“Not likely”, “probability”, “further work” and leaving quantitative and qualitative “design consideration” to it is assumed, many of the same or new players who delivered or trained under those who brought us B.C.’S great leaky condo disasters of 4 storey buildings. It makes you wonder two floors worth about the certainty of water problems this type of wood construction might endure. Aside from the notion that we live in an active earthquake zone, does it seem out of line to ask why this proposal would go forward when all data and research has not been completed? Would it be over the top to suggest that with this knowledge you can throw away your alarm clock? In this new 6 storey light wood-frame combustible and possibly leaky building – will you ever sleep again?

How Come?

Why you ask would this type of building be allowed. According to the Gov’t, “There are a number of benefits to building with wood including lower costs and increased environmental sustain-ability.” Reading from their proposal they suggest that increasing the allowable height of wood buildings is part of the Province’s ongoing efforts to encourage innovative building practices and expand domestic markets for B.C. wood products.

The new B.C. Building Code provisions to allow higher wood buildings is as they claim, targeted to “maximizing the benefits that 2 more floors will provide while maintaining the Province’s commitment to public safety.”

This justification, the Gov’t says was made by “A variety of comments that were received from every aspect of the building industry including local governments, builders, architects, engineers and fire officials. Support for the proposed changes ranged from 62 to 85 per cent, and as a result of feedback, modifications were made to strengthen the code requirements.” Nothing evidenced, indicates they had sought comments from the consumer?

Who Wants It?

Suspicious, casual observation, imbues the opinion that lobbying pressure from our largest employer may be present. With emphasis – “Expand domestic markets for B.C. wood products”. Is it probable that our lumber industry may be at play at a time when that industry is in a financial tail spin and further, should one pre-suppose such rationale was spawned in reaction to our general economic malaise? With so many unemployed during these times, does one assume jobs are more important now then ever. Will unemployed tree huggers, those who oppose the destruction of our forests, not mind the escalation of more trees being cut down? Surely the chances of that event have been calculated or worse, outright dismissed? With all the carefully crafted words can you the consumer, be confident in assuming that this lobbying probably exists sufficient to influence decisions the government makes with regard to your safety and financial well being?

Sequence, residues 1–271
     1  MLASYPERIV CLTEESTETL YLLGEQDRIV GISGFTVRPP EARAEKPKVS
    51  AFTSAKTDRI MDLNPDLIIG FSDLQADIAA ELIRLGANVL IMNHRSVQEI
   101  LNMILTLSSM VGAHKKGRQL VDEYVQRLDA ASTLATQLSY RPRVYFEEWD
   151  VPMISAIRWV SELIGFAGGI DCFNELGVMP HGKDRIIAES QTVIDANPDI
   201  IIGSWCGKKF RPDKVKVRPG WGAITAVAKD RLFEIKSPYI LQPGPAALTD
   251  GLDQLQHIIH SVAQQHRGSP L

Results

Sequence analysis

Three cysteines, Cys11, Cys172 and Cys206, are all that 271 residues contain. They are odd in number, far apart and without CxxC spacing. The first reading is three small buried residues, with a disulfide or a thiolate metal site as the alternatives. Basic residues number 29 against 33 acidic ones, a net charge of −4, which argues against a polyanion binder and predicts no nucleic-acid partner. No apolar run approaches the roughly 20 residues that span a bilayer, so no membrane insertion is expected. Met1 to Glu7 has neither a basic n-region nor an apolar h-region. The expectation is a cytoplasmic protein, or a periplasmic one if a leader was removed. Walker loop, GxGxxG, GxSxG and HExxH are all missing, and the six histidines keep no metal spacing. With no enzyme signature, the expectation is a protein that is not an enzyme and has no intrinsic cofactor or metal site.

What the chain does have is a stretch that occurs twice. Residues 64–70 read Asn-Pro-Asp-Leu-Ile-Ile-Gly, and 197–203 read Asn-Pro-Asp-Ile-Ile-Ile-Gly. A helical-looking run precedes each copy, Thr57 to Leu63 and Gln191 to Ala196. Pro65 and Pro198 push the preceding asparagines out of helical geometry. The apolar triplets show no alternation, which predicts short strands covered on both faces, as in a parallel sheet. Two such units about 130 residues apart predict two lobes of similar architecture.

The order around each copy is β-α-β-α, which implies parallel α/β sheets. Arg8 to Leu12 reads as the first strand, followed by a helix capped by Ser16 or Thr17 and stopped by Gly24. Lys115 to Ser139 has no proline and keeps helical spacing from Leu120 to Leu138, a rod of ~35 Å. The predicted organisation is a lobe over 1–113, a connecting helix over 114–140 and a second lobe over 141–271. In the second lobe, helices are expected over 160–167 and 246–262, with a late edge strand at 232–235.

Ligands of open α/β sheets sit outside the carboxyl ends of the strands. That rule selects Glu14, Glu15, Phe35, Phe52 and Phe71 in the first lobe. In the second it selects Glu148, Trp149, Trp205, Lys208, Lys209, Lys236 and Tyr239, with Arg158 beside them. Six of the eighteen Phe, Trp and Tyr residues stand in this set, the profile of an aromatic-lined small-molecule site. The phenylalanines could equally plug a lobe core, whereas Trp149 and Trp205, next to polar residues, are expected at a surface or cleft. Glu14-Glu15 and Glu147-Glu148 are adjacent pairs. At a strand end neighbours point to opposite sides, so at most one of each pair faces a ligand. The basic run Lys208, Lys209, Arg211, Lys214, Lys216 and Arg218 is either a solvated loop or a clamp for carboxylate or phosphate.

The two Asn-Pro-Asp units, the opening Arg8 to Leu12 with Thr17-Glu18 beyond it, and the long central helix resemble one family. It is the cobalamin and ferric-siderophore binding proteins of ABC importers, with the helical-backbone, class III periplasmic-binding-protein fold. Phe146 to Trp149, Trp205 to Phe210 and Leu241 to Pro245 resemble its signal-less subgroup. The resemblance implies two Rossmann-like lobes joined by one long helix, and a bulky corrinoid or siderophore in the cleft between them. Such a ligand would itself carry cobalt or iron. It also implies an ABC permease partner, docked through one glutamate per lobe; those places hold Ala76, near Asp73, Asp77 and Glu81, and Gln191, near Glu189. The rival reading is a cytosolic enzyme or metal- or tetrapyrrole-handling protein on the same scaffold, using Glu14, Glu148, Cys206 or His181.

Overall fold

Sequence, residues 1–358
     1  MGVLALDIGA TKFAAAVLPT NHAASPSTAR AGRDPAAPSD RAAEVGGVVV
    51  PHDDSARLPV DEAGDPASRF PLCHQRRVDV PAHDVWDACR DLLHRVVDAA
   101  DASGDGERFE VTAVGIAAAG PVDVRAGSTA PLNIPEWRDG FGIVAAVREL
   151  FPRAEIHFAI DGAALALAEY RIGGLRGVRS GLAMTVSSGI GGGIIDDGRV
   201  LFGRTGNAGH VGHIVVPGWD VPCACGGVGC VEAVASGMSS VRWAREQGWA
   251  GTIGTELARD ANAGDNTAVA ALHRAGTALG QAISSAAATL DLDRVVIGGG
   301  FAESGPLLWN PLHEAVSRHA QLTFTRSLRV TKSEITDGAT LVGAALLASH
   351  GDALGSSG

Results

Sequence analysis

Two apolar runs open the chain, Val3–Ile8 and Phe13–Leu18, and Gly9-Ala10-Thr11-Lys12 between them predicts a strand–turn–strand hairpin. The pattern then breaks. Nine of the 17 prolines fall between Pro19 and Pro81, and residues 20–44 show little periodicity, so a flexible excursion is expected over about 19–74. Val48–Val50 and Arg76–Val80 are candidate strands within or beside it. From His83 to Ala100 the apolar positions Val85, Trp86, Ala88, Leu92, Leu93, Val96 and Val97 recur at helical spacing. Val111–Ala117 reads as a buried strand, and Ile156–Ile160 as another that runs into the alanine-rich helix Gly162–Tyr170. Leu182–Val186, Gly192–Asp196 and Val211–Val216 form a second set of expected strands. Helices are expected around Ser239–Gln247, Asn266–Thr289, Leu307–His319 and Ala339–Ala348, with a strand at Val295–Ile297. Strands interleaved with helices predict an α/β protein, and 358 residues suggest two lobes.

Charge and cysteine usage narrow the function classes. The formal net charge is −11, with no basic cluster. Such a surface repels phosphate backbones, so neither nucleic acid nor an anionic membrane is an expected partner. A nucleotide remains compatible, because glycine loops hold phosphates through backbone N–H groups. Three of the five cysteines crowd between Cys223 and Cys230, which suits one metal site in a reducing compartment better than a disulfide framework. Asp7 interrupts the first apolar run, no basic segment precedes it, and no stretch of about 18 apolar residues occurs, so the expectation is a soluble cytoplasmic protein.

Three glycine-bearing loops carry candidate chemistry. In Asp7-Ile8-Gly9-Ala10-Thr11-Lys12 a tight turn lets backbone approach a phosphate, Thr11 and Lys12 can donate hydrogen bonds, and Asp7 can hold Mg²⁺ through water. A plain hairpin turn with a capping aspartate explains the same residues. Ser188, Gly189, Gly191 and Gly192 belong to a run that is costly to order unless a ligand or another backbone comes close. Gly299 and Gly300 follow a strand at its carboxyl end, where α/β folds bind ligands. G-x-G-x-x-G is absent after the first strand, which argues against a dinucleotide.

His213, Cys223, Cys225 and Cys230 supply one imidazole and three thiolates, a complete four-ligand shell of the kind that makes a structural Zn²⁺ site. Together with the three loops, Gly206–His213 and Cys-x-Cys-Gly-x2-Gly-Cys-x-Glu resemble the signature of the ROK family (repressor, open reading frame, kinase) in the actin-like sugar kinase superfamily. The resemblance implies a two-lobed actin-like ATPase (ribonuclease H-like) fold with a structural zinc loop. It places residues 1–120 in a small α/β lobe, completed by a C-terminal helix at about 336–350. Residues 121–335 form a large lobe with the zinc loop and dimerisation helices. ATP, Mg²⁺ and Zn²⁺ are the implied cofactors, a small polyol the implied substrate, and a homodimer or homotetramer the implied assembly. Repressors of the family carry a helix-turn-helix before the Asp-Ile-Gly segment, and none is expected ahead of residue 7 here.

As the future potential buyer of this 6th floor product will you be the last tree standing or, will you take comfort as you guess why the tree fell from the 6th floor.

*Reference BC Housing and Construction

**Code Provisions

About Larry Yatkowsky

Larry is a recognized real estate expert. A veteran professional, his experienced counsel leads Vancouverites in his west side community to place their trust in a man passionate about his work. Uncompromising ethics bring a balanced approach to realizing your real estate dreams.

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*Disclaimer: Statistics Courtesy REBGV. While believed to be accurate they are not guaranteed.
**Numbers provided may vary as they are dynamically posted by the REBGV.

Reader Comments:

Andrea C. Says:
May 31st, 2009 at 12:09 am

Another good post!

I think the province is trying to find a use for the countless un-exportable pine-beetle damaged trees still standing in B.C. There is a only a narrow window of opportunity left to harvest and mill these dead trees before they are totally worthless.
Apparently, the extent of destruction in B.C.’s forests is staggering. It’s pretty sad.

June 2nd, 2009 at 8:34 am


You may be right. They are trying to find all sorts of ways to make use of this problematic resource.

Here is a site outlining the work being done.


Problem is that all of this still does not resolve the issues of assurances from the building code changes. 6 floors of wood a problem. Glance through the engineers reports and you are left feeling less than confident.